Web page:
|Germinal center (GC) B cells and T cells (blue) cluster within the B cell follicle (grey). GCs contain two distinct zones, known as the light zone and the dark zone, that cells move back and forth between. The light zone is identifiable by the presence of follicular dendritic cells (red), while the dark zone contains a dense network of CXCL12-expressing reticular cells (green). Movement of GC B cells between these zones is associated with switching between centrocyte and centroblast phenotypes.
|The GC dark zone is the principle site of somatic hypermutation and mitosis. Mitotic cells are identifiable by phospho-histone H3 staining (red). Zoomed images of the boxed cells are shown below. Selection is thought to occur in the light zone while cells are at the centrocyte stage.
|A simplified graphic model for GC responses. Our recent findings suggest that the switching of GC B cells between centroblast (dark zone) and centrocyte (light zone) stages is determined by an intrinsic cellular program involving a timer component. The transitioning between these stages prepares cells to engage in the processes associated with their respective zones.
Dr., Sir Henry Dale Fellow
The adaptive immune system learns from primary exposures to pathogens to help prevent secondary infections of the same or similar kinds. One of the key ways by which this is achieved is through the production of specific antibodies – secreted proteins, made by terminally differentiated B cells (plasma cells), that bind to foreign objects such as viruses and bacteria to prevent their infecting host cells and to promote their clearance from the body. Most effective vaccines depend upon antibodies for the protection that they confer, however the processes determining the quality of the antibodies generated during an immune response are incompletely understood. We are investigating the biology of antibody development.
Our main research interest is in determining the mechanisms controlling germinal center reactions. Germinal centers are unique transient structures that form within the B cell follicles of lymphoid tissues during immune responses and are the principle sites of antibody affinity maturation and B cell receptor diversification. Random point mutations are introduced into the immunoglobulin (antibody) genes of germinal center B cells for the purpose of refining their specificity for cognate antigen. Rare B cells in which mutations lead to increases in antibody affinity capture more antigen through their membrane receptors and present more peptide-MHCII on their surface, allowing them to out-compete neighboring cells in acquiring “help” from limiting numbers of follicular helper T cells. The quality of the “help” received is also likely to be reflective of the amount of peptide antigen presented. Affinity maturation occurs through many iterative rounds of mutation and selection. The benefits of affinity maturation are great enough to justify the risks associated with genome mutagenesis, however complex regulation of GC responses is needed because off-target mutations can and do cause lymphomas.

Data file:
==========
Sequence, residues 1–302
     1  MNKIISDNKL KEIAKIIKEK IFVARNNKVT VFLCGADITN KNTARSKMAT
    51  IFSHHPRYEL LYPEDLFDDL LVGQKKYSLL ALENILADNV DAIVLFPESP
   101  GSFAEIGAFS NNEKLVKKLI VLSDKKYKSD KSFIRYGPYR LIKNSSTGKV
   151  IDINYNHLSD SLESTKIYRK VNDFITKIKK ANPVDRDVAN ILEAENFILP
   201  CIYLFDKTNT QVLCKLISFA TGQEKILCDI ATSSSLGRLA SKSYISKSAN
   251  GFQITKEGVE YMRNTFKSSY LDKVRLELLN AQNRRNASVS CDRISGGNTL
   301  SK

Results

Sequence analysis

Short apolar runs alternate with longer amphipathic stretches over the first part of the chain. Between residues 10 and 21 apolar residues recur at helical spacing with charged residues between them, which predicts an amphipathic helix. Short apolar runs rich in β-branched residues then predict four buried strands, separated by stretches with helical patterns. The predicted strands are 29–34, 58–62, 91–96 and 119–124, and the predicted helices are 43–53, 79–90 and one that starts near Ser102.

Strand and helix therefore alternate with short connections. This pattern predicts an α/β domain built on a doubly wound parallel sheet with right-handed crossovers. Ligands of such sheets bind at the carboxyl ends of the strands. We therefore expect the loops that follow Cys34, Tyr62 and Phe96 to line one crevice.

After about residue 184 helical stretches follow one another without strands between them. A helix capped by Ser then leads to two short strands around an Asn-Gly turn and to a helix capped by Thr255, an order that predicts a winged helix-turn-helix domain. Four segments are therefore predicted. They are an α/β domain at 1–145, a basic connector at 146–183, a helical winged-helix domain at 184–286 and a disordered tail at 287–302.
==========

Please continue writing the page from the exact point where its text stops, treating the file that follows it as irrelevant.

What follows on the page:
The switching of germinal center B cells between mutagenic (centroblast) and selection (centrocyte) stages is determined by an intrinsic cellular program involving a “timer”, however the molecular mechanisms controlling this behavior are not known and are a focus of our research. We also are invested in understanding the types of specialized adaptations that germinal center B cells have evolved to allow them to cope with the unique demands associated with frequently and repetitively changing receptor specificity while simultaneously ensuring that selection is stringent and efficient. We hope to gain a better understanding of the dynamics of the mutation and selection processes and to determine what signals contribute to them. Our approaches include developing new in vivo mouse models that allow us to interrogate the behavior of GC B cells in their native unperturbed environment. The medical value of this research is that it may lead to a better understanding of how to promote immunity, prevent autoimmunity and identify druggable targets for cancers.
Apoptotic cell fragments locally activate tingible body macrophages in the germinal center
Grootveld AK. et al, (2023), Cell
Secondary influenza challenge triggers resident memory B cell migration and rapid relocation to boost antibody secretion at infected sites
MacLean AJ. et al, (2022), Immunity
Hepcidin-Mediated Hypoferremia Disrupts Immune Responses to Vaccination and Infection
Frost JN. et al, (2021), Med, 2, 164 - 179.e12
Scoring a HAT-Trick against Lymphoma
Bannard O., (2019), Immunity, 51, 420 - 423
Germinal Center B Cells Replace Their Antigen Receptors in Dark Zones and Fail Light Zone Entry when Immunoglobulin Gene Mutations are Damaging.
Stewart I. et al, (2018), Immunity, 49, 477 - 489.e7